A combination of luck and a bold strategic gamble paid off for Simon Pagenaud, with the Frenchman crossing the line on fumes to win the IndyCar Series’ inaugural road course race.

Despite fears that die-hard fans would shun the road course race, a healthy – but hardly huge – crowd hit the Indianapolis Motor Speedway and they weren’t going to be disappointed after being delivered a race full of incident.

After coming out on top in a rain-hit qualifying session on Friday, pole-sitter Sebastián Saavedra was unable to showcase what his chances were in the dry weather on Saturday. The Colombian stalled his KV Racing Honda just as the lights went out, triggering mayhem in the opening seconds as the pack swerved to avoid his stricken car.

Unfortunately not all managed the feat, with rookie drivers Carlos Muñoz and then Mikhail Aleshin hitting him – the latter at considerable speed given he started last – scattering debris across the start/finish straight and ending the race for all three on the spot. Aleshin’s SPHM Honda came to a rest on top of Saavedra’s, although thankfully both drivers were able to emerge unhurt from their battered cars.

Saavedra is clobbered on the starting line

Saavedra’s stalled car is hit by Munoz and Aleshin

Ryan Hunter-Reay assumed the lead of the race, but his time at the front proved short-lived when Jack Hawksworth took the lead with a great slipstreaming move on Lap 10. Hunter-Reay was slightly wrong-footed by the pass, and that allowed an opportunistic Pagenaud to force his way by into second just two corners later.

Having qualified inside the top-six on Friday, Hawksworth continued to underline team boss Bryan Herta’s wisdom in signing the British youngster. The rookie driver built a lead of four seconds to Pagenaud and looked a contender for victory.

Just past mid-distance, and the yellow flags were out after Scott Dixon found his Chip Ganassi entry beached in the gravel at Turn 4. The reigning champion – predictably – had been assisted there after yet another run-in with long-time rival Will Power. The incident had started a few corners earlier after the Penske driver made a forceful pass on Dixon at Turn 1, but Dixon arrived at Turn 4 with too much of a head of steam and spun to the outside after trying to retake the lost place.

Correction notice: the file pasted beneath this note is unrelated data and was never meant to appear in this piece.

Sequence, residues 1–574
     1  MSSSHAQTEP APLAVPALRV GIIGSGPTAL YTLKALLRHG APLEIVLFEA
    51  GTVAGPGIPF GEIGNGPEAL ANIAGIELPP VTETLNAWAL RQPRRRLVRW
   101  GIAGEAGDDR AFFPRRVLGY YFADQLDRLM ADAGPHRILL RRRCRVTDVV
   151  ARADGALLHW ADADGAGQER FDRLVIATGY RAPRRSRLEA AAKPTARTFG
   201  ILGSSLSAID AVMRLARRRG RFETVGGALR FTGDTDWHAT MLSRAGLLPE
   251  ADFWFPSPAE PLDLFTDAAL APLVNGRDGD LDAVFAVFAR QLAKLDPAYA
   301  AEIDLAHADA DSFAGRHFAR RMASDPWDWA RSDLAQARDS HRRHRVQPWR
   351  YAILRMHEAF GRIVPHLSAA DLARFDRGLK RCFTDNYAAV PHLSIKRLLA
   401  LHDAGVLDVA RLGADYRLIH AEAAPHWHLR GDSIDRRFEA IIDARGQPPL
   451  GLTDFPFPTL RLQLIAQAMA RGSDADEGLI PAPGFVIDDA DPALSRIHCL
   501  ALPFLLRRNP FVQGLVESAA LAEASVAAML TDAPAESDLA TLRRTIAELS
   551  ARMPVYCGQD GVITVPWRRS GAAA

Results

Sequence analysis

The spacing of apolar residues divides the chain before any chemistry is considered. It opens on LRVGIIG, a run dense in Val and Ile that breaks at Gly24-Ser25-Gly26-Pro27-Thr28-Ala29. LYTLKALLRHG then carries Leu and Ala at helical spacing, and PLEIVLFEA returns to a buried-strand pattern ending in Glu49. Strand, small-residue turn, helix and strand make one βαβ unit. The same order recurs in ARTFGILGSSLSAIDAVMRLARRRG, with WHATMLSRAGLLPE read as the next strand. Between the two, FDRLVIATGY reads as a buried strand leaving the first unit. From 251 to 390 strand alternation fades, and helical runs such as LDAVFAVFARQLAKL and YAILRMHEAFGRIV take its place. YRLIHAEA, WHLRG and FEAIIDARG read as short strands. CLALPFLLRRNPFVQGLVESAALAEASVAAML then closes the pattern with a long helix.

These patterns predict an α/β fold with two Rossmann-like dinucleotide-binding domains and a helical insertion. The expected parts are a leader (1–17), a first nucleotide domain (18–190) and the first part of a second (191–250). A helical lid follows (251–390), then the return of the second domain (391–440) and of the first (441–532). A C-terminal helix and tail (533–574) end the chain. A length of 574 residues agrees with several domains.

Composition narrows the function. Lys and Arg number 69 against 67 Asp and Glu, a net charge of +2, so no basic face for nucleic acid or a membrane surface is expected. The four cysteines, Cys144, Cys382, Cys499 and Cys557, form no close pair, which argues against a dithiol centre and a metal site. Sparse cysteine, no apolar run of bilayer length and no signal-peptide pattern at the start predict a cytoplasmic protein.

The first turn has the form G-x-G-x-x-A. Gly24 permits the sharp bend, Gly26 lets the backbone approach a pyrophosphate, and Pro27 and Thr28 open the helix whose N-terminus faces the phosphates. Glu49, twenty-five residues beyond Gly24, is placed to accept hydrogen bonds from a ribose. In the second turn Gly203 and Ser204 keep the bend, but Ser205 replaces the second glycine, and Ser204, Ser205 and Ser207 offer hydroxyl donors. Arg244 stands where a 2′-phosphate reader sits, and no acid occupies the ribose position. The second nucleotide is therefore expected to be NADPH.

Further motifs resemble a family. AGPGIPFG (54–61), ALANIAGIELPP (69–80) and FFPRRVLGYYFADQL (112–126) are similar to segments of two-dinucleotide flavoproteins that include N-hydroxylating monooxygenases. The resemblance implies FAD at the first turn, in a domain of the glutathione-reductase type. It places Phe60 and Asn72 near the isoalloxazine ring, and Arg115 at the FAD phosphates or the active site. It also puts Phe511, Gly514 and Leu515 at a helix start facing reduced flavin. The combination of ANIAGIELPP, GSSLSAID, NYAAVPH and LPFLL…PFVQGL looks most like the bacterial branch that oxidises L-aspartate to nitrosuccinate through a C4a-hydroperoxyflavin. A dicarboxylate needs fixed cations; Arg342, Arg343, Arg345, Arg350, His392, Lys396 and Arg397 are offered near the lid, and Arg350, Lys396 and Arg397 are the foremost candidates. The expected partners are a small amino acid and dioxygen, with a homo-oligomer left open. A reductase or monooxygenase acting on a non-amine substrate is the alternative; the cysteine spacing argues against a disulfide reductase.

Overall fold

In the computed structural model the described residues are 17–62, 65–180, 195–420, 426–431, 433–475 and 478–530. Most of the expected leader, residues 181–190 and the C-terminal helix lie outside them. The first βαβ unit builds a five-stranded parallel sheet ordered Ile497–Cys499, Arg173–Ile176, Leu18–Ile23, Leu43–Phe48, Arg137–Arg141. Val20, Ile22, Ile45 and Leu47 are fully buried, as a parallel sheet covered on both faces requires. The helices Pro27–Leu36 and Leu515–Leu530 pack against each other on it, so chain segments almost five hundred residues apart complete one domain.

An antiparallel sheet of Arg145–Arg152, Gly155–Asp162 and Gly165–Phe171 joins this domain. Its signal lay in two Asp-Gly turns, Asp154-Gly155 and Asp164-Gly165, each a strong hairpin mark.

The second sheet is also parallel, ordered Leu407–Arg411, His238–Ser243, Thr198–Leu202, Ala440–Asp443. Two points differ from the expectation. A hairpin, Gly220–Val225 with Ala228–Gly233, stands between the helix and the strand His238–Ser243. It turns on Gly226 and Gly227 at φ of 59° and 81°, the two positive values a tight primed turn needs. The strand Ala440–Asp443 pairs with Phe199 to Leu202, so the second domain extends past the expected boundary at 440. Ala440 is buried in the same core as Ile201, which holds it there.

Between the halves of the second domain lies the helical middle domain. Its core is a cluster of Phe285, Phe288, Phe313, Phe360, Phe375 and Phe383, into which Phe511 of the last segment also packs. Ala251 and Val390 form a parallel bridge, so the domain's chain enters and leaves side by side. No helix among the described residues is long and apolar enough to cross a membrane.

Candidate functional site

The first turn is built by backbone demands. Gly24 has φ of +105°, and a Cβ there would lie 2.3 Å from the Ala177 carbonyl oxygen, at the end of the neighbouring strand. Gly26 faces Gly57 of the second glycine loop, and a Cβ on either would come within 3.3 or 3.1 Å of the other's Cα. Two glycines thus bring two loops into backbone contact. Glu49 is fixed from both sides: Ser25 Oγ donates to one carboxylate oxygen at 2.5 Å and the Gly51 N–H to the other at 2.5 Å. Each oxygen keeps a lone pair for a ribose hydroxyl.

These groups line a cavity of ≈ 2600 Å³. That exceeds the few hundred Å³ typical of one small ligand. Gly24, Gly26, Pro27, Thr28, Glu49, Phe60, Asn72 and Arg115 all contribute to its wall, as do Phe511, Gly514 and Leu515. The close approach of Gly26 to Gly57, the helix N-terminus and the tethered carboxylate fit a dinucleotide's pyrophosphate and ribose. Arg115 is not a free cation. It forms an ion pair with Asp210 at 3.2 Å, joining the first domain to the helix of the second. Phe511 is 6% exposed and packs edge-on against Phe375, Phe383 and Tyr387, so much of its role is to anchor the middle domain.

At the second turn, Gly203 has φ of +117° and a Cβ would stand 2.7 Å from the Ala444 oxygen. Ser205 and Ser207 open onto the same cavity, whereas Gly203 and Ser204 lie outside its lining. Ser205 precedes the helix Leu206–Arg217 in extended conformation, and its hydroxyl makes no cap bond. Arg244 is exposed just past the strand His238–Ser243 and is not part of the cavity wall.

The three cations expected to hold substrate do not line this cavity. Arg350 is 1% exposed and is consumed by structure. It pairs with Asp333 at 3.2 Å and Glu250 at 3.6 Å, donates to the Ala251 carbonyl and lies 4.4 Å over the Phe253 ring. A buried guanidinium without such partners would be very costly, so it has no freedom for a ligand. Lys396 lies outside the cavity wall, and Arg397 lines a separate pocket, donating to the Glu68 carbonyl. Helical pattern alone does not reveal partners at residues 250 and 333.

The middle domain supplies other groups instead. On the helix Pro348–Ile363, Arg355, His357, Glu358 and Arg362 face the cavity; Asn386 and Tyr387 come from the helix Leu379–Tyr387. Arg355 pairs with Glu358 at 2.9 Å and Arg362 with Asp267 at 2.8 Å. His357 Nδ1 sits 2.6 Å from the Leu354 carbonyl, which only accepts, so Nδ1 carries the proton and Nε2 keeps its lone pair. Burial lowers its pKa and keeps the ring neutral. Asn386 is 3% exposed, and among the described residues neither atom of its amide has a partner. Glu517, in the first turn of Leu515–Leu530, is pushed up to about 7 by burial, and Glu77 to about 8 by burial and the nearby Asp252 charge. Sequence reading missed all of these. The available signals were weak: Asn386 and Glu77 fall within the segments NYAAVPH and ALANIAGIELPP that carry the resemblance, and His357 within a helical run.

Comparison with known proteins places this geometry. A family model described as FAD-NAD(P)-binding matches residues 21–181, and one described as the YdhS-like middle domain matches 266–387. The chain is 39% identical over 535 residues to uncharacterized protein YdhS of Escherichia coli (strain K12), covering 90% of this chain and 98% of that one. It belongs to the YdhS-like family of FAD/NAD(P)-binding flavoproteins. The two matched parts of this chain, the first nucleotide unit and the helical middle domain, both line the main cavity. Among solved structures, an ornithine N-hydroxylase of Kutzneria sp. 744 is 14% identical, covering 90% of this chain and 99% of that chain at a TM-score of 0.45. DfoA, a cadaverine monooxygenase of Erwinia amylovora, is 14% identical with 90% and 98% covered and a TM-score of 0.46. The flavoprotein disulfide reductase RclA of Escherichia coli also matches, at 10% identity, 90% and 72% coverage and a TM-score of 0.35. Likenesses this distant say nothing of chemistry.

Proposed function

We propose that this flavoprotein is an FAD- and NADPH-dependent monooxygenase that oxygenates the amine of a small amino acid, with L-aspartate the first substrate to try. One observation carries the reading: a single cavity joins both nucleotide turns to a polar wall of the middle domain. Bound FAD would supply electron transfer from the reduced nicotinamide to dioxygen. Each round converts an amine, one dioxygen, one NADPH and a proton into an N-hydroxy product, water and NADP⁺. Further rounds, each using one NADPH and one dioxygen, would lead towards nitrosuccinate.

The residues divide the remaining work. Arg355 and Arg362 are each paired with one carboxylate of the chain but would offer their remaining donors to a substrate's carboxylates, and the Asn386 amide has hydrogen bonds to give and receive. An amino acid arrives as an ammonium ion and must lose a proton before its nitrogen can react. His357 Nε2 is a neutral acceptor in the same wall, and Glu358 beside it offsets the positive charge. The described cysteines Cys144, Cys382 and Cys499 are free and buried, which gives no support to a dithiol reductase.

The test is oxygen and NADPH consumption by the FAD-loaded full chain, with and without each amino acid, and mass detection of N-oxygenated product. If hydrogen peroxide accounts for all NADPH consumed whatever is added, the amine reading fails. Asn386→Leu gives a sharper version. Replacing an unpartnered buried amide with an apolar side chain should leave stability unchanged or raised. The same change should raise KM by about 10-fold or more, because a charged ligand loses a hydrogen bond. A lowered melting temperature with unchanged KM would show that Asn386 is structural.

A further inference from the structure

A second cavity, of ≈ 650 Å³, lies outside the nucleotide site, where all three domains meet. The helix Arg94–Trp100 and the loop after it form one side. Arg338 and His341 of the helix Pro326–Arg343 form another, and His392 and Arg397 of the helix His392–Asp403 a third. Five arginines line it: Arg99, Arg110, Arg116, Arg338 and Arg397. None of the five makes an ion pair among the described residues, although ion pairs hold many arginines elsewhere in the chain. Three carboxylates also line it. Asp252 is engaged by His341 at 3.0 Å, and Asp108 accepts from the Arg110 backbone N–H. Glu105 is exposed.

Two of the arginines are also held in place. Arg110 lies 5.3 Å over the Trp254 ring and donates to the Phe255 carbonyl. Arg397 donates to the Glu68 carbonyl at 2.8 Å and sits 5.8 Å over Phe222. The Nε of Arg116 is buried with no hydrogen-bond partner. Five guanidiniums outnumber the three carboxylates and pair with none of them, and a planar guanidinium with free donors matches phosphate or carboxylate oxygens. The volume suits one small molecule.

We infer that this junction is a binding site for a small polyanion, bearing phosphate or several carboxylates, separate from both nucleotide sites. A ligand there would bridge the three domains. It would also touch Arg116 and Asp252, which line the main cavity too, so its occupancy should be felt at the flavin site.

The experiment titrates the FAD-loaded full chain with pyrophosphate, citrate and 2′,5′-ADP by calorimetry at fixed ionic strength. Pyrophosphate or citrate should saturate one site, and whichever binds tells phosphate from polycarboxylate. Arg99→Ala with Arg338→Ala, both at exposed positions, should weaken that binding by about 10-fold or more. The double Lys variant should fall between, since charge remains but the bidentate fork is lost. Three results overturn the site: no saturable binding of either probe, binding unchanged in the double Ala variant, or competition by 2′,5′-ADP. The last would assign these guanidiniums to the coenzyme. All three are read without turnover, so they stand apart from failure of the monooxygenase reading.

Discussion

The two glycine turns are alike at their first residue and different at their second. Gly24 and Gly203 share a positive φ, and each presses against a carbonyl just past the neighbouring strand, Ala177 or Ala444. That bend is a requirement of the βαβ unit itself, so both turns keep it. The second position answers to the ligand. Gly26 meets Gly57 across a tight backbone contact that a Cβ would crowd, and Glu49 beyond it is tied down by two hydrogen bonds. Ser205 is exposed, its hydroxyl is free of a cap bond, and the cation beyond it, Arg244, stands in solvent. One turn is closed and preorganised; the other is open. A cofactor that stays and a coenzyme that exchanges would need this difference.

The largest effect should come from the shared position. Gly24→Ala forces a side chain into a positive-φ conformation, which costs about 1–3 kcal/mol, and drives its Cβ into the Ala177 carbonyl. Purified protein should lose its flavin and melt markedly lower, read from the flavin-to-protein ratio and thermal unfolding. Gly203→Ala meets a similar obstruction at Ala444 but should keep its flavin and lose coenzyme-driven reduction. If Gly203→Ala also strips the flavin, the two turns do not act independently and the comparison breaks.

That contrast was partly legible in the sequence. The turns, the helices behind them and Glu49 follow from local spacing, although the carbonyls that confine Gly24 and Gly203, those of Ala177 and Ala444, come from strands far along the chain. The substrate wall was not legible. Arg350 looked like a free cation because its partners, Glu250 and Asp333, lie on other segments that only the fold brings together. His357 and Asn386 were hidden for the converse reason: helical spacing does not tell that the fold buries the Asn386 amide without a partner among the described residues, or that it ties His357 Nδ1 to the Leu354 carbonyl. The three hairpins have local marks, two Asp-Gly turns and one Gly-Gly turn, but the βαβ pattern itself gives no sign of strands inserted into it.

The full-course caution triggered a round of pit stops for the leaders, and a quicker turn-around from the SPHM crew ensured Pagenaud would leapfrog Hawksworth in pit lane, while Hunter-Reay managed to vault ahead of the pair of them to assume the effective lead.

Two laps after the race was restarted, and there was another full-course caution, this time triggered by a frightening crash between Franck Montagny and Martin Plowman, both of whom were making one-off appearances for Andretti and AJ Foyt Racing. Plowman lost control on the approach to Turn 7, spun and was launched sideways over the apex kerbs at Turn 7, clobbering into the back of the unsuspecting Montagny.

Plowman-Montagny crash

Plowman (by name and nature) hits Montagny at Turn 7

Montagny’s rear wing was ripped off and he was immediately out of the race, while Plowman was incredibly able to continue without major damage.

If that wasn’t enough, the next restart saw another safety car triggered after Juan Pablo Montoya jump the gun and turf Graham Rahal into the wall on the start/finish straight just as the pack was accelerating for the green flag. Rahal was out with broken suspension, while Montoya was slapped with a drive-through penalty.